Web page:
Fresh uses and fresh possibilities for the moving picture are constantly being discovered. An account recently reached this country of its adaptation to target practice. The moving picture as arranged for the marksman’s use has a psychological attribute which the plain bull’s-eye and the bounding metal deer of the shooting gallery and the clay pigeon of the field never will possess. Cantering iron deer and harmless clay pigeons will never excite the sensations which the hunter or soldier or householder experiences when he finds himself with range of a live deer or facing the muzzle of a rifle in the hands of a soldier or a pistol in the hands of a burglar who has suddenly and unexpectedly popped up from behind a bed. The true test of marksmanship is ability to hit when face to face with the “real thing.” The moving picture now supplies for man’s gun practice what the moving target, representing the vitals of a ship, does for naval target practice, with the addition of an excellent imitation of an active and threatening enemy.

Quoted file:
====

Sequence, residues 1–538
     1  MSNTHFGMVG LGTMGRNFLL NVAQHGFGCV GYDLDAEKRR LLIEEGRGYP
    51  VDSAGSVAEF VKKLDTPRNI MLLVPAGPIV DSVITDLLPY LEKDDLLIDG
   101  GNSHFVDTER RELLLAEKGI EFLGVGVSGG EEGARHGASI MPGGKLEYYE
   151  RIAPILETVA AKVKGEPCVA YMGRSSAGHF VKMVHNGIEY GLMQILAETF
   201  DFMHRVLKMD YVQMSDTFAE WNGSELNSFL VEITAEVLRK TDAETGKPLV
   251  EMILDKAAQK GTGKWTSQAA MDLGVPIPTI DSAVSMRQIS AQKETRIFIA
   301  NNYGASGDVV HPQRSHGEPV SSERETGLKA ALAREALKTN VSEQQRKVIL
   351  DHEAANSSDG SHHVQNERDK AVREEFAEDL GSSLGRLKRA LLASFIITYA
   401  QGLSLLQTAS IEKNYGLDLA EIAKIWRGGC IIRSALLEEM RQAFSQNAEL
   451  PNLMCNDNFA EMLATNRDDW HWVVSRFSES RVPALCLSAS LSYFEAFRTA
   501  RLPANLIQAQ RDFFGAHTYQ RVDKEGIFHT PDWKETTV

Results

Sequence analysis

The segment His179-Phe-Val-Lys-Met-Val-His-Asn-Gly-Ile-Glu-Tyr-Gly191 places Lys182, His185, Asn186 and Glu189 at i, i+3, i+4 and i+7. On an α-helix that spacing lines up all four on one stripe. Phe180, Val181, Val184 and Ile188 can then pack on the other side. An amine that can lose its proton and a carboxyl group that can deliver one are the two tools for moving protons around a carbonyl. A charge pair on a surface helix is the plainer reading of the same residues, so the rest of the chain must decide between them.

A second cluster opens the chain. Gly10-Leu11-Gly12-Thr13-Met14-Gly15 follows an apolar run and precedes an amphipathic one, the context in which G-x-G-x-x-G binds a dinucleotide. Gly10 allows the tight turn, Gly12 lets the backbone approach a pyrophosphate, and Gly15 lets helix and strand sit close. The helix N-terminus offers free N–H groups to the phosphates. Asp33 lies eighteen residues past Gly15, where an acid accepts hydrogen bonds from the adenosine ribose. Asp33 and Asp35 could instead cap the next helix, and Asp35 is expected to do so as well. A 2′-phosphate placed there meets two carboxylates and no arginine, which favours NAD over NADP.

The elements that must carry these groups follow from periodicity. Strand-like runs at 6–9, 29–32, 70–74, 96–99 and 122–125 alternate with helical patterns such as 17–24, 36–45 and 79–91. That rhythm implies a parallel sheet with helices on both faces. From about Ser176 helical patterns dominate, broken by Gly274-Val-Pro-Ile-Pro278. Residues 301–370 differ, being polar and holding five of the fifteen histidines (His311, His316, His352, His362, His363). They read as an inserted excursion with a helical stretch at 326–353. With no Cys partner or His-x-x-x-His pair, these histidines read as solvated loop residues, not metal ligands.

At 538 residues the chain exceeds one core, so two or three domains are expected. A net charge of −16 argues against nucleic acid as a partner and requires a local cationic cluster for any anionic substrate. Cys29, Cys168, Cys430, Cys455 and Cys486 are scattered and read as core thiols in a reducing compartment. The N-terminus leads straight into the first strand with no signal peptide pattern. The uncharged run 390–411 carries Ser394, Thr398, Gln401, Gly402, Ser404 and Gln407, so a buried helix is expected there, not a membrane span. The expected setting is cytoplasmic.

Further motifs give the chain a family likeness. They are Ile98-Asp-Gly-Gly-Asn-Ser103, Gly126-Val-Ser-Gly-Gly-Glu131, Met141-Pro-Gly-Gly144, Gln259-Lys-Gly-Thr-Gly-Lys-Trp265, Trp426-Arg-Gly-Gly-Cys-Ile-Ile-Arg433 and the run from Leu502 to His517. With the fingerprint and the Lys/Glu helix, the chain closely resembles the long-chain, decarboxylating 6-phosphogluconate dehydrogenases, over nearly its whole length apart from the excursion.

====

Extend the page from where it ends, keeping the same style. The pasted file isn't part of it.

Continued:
New-York Tribune (October 31, 1909)
Preparing to Receive Burglars:
Firing at a thief in answer to the thief’s fire (on a living picture battle target)